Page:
• Stillborn Franchise: During the 1970s, Stanley Kramer considered reuniting much of the film's cast for a proposed movie titled The Sheiks of Araby. It's a Funny, Funny World, a sequel of sorts, was also proposed.
  • What Could Have Been:
    • Several performers were considered for roles in early planning stages, or filmed scenes that were ultimately cut. They include:
      • Jackie Gleason and Red Skelton as two of the main players. Skelton passed due to his television commitments. He eventually agreed to do a cameo, but was refused by Stanley Kramer after requesting too much money.
      • Lucille Ball, Imogene Coca, Martha Raye, and Joan Davis as some of the main players' female companions.
      • Mae West or Sophie Tucker as mother-in-law Mrs. Marcus.
      • Donald O'Connor as Benjy Benjamin.
      • Jack Benny was originally tabbed to play Captain Culpepper. (After Spencer Tracy got the part instead, Benny wound up having an uncredited cameo).
      • Peter Sellers as Englishman Algernon Hawthorne. Sellers wanted too much money, leading Stanley Kramer to hire the next best thing (Terry-Thomas).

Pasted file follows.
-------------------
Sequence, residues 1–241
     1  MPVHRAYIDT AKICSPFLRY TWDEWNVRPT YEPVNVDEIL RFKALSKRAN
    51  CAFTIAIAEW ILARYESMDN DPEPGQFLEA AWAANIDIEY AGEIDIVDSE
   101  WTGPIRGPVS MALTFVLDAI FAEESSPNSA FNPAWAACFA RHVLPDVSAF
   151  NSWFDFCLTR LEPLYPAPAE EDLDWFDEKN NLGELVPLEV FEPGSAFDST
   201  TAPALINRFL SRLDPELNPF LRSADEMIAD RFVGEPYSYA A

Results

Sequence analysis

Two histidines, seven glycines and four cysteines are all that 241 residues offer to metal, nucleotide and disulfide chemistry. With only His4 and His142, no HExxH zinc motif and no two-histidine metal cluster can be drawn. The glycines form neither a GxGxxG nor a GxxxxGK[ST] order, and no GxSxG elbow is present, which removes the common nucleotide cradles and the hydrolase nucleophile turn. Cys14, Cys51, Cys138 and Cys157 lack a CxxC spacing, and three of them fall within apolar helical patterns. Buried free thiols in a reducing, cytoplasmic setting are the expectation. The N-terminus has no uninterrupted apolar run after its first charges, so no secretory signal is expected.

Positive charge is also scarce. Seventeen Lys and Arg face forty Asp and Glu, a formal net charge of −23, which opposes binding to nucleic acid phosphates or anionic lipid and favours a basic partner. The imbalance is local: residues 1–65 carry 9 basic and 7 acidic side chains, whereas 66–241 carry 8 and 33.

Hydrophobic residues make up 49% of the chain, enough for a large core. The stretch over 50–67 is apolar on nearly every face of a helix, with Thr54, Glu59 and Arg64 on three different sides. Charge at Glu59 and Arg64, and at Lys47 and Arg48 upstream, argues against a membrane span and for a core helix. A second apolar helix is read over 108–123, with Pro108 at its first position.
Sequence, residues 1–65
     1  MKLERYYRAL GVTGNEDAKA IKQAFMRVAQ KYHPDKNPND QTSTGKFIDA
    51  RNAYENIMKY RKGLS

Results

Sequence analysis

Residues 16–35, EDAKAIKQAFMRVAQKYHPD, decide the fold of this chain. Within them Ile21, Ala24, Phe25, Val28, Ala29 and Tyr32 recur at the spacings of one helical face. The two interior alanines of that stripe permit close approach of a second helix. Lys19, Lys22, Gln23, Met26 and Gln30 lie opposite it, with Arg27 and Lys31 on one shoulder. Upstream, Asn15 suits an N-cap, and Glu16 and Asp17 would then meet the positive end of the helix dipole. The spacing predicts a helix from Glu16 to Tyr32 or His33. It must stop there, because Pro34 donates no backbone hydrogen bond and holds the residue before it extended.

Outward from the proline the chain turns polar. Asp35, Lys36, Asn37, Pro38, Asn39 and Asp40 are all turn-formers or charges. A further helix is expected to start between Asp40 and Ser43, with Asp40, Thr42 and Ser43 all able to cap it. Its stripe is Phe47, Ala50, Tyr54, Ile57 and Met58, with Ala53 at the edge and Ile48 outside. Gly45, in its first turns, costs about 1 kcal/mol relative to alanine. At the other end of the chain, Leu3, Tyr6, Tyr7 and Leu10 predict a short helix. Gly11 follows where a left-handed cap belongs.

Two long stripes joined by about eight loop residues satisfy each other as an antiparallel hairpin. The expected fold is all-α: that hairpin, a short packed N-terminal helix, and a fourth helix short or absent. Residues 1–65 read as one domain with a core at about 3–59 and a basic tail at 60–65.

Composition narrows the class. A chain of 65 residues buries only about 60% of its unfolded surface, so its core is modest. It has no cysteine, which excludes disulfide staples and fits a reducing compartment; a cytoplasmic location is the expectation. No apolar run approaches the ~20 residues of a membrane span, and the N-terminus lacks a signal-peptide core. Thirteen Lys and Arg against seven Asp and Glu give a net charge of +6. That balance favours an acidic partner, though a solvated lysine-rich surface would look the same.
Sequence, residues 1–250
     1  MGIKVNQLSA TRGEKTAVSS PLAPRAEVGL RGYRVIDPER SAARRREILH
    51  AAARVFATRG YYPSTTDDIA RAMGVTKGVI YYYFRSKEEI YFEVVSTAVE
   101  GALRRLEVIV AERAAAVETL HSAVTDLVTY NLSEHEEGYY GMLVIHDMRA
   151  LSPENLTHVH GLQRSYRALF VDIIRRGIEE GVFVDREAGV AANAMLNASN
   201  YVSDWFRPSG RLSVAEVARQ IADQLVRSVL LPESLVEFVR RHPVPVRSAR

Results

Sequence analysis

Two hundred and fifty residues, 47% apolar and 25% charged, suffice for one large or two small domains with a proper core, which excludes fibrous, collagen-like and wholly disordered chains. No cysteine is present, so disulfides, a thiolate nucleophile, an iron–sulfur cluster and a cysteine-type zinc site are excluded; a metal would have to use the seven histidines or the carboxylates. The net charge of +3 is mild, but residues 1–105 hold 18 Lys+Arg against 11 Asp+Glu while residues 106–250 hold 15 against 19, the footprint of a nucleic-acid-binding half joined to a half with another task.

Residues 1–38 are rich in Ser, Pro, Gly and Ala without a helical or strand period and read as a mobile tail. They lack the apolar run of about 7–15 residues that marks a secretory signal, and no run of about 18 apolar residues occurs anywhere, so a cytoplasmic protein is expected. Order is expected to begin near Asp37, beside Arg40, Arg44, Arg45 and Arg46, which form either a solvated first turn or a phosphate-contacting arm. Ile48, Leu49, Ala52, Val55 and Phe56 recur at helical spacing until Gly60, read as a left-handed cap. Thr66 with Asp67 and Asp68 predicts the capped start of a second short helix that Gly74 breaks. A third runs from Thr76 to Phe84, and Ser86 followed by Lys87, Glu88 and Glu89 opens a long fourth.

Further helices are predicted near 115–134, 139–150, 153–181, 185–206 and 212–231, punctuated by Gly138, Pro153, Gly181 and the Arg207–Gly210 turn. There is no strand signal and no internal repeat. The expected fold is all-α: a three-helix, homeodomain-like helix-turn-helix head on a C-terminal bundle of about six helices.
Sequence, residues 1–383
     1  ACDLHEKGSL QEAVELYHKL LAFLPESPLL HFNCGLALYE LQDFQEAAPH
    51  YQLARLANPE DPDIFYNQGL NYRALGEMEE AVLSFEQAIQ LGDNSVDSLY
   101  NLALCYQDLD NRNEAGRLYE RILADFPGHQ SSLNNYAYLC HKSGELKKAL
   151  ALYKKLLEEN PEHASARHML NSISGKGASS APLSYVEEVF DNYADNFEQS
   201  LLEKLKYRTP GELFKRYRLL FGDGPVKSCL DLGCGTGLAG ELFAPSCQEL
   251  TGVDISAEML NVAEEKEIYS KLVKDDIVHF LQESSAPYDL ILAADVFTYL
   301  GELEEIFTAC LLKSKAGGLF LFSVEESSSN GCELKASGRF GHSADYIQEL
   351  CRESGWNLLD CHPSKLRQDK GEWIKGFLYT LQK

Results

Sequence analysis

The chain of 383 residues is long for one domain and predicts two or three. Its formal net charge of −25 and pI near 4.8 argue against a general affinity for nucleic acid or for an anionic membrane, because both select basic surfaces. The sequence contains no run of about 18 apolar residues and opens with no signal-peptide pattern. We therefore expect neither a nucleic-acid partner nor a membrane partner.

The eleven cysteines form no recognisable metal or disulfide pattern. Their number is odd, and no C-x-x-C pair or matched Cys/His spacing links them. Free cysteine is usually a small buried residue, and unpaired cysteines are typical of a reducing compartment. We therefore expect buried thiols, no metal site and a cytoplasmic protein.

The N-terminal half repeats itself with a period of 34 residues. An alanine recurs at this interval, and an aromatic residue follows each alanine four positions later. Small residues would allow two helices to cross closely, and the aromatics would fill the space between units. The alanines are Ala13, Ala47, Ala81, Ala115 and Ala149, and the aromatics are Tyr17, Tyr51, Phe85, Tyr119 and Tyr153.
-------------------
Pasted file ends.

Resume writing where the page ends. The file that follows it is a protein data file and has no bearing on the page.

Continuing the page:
• Arnold Stang's fellow service station attendant was originally offered to former Three Stooges member Joe Besser. Besser, then playing the role of Jillson the maintenance man on The Joey Bishop Show, was forced to turn down the role after Bishop and Danny Thomas refused to let him out of his contract. The role was then offered to Jackie Mason, and finally to Marvin Kaplan.
      • The Untouchables' Paul Picerni as one of the detectives at Smiler Grogan's crash site. When Picerni proved unavailable, series costar Nicholas Georgiade was cast instead.
      • Bob Hope was to have had a cameo, but was refused by the studio he was under contract to at the time.
      • Jack Paar in the Jerry Lewis role.
      • Barbara Heller as the biplane pilot's wife.
      • Groucho Marx was originally written in as a doctor that would have appeared at the end of the film to deliver the final punchline. The role was written out, but Groucho was offered a cameo role. He ultimately never appeared in the film. In a letter to a fan, Groucho jokingly said that he was to have played the Ethel Merman role.
      • Phil Silvers was originally suggested for another one of the main roles.